When I moved to Europe at the beginning of this year, I was struck anew by the diversity of languages and cultures. But I was once again reminded of the remarkable fluidity between these different cultures. You can board a train and travel a few hours in any direction and be in a completely different nation or culture. We take it for granted now, but for most of human history (and in many places still) a change at the border can be a time consuming process.
In a way, you can say the push to establish standards in technology has had the same impact. By eliminating differences and finding common ground where it makes sense, we've been able to accelerate speed, reduce costs, and expand both the market and use case scenarios.
In theory, an enterprise has the ability to collect and analyze data from the disparate edges of their operations, but the reality of weaving high-speed information into a complete picture requires navigating different systems from different vendors and communicating across networks with a variety of protocols.
The problem is as old as industry itself. When I first started working with OSIsoft, we were building interfaces and connectors for the myriad automation and control systems that existed. With the rise of IoT devices and cloud computing, we now have new sensors, more commute, and faster networks. We have the potential to sense what is happening in our world with an unprecedented level of granularity and clarity.
But much like the European rail system, that ability to sense our world requires a foundation of interoperability. And that requires shared standards.
Meet the LF Edge
Last week, in an effort to establish shared standards, OSIsoft became one of 60 founding members of the Linux Foundation's new umbrella organization - LF Edge - which seeks to establish a unified open source framework for the edge. With LF Edge, enterprises, IoT vendors, telecom providers, cloud platforms, and others are coming together as a community to establish the standards for architectures, network protocols, and application development as a foundation for working together.
LF Edge currently consists of five projects:
Akraino Edge Stack is creating an open source software stack that supports high-availability cloud services optimized for edge computing systems and applications;
- EdgeX Foundry is focused on building a common open framework for IoT edge computing.
- Home Edge Project, seed code contributed by Samsung Electronics, is a new project that concentrates on driving and enabling a robust, reliable, and intelligent home edge computing framework, platform and ecosystem running on a variety of devices in our daily lives.
- Open Glossary of Edge Computing provides a concise collection of terms related to the field of edge computing.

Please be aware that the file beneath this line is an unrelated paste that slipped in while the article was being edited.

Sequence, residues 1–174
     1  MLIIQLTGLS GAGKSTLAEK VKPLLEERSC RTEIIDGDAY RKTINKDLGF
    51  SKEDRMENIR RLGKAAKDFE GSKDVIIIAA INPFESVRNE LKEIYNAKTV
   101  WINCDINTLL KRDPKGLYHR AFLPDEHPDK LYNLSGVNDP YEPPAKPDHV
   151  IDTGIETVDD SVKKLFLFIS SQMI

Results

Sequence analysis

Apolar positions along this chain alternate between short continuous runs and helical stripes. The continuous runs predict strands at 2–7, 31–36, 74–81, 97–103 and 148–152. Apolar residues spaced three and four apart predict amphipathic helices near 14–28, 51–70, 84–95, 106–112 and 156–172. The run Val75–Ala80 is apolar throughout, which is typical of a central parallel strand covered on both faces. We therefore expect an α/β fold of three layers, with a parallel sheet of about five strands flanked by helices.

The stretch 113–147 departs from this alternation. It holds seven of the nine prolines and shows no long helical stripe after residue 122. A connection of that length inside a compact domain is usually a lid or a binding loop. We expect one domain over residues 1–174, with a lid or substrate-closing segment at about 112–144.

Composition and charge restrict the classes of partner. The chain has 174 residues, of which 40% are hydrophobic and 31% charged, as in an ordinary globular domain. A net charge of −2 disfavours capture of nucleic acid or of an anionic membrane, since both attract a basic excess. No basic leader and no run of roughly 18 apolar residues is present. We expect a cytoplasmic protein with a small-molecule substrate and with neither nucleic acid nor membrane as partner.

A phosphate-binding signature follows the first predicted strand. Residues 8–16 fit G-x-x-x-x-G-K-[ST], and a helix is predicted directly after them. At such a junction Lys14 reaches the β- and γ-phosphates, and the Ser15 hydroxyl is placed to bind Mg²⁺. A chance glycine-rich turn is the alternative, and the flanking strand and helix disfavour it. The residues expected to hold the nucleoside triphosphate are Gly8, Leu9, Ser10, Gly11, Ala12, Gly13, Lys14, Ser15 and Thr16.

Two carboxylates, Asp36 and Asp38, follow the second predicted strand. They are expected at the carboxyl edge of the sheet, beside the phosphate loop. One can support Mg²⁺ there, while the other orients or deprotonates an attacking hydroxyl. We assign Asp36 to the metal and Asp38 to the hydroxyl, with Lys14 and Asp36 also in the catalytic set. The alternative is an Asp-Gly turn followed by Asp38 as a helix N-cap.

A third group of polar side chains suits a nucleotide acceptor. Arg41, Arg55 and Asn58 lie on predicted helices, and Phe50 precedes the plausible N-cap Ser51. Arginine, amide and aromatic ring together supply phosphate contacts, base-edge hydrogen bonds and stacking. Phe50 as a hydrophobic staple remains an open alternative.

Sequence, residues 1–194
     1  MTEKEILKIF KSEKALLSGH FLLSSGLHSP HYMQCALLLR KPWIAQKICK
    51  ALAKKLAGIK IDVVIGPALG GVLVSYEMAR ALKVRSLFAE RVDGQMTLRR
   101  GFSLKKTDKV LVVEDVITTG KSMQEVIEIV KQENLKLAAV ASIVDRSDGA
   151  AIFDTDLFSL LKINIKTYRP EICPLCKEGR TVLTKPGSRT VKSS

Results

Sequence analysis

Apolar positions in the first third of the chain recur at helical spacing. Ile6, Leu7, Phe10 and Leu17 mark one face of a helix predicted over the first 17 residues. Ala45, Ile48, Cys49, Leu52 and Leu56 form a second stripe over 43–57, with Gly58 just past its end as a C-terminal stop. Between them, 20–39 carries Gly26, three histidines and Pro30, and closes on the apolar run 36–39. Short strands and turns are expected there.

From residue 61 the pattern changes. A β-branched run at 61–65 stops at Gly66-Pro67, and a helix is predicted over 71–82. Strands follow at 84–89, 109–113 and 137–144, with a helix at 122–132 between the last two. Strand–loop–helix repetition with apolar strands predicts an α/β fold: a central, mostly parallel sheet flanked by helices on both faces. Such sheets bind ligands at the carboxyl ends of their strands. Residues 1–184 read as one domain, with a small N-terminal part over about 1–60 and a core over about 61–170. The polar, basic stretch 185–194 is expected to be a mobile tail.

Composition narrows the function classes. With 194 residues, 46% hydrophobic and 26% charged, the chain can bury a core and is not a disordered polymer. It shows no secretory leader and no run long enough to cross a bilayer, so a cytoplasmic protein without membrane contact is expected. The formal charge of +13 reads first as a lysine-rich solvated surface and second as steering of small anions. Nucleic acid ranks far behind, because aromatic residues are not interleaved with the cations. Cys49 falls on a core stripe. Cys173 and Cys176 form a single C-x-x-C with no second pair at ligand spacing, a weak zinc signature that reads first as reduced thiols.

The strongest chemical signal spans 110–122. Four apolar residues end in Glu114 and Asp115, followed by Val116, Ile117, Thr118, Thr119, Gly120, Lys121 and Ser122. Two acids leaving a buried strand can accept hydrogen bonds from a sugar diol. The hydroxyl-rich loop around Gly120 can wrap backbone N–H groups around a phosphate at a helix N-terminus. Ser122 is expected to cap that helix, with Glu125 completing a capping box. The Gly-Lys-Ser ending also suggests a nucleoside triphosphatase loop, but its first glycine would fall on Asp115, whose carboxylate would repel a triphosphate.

- Project EVE (Edge Virtualization Engine), contributed by ZEDEDA, will create an open and agnostic standard edge architecture that accommodates complex and diverse on- and off-prem hardware, network and application selections.
The Importance of Common Standards
Picture a remote mining site, possibly underground, with heavy and very expensive machinery, some autonomous or remotely operated, some still run by a local operator. How does a truck from one vendor talk to other assets that need to know it is coming down the road at 87 kilometers per hour. How can the cloud tell a manufacturing asset that while it can stamp out 10,000 widgets per hour, it's optimal rate is 7200? It's one thing to have a closed control network and an operator who can decide on a particular setpoint or manual override, but the future is for these things layer of trust for these things to send signals that tell an actuator to open valves or increase temperatures. It's mission critical communication.
While standards may not be the most exciting of technological topics, it is critical to realizing the full value of IoT and edge computing and to establishing the hardware and software infrastructure for the development of application and analytics. According to McKinsey, “Interoperability between IoT systems is critically important to capturing maximum value; on average, interoperability is required for 40 percent of potential value across IoT applications and by nearly 60 percent in some settings.”
At the same time, McKinsey goes on to report: “The inability to capture and use relevant data from multiple streams generated by different IoT systems is the result of several organizational, technical, and commercial barriers." Standards for how different edge data is collected, communicated, and stored are the beginning of removing those barriers so that devices and data sources can be added and removed from the network.
Data management is at heart an edge to edge and edge to cloud problem. Establishing shared standards is the critical next step to creating a complete data fabric across the whole landscape of an industrial enterprise to unlock insights from the very cutting edge of operations.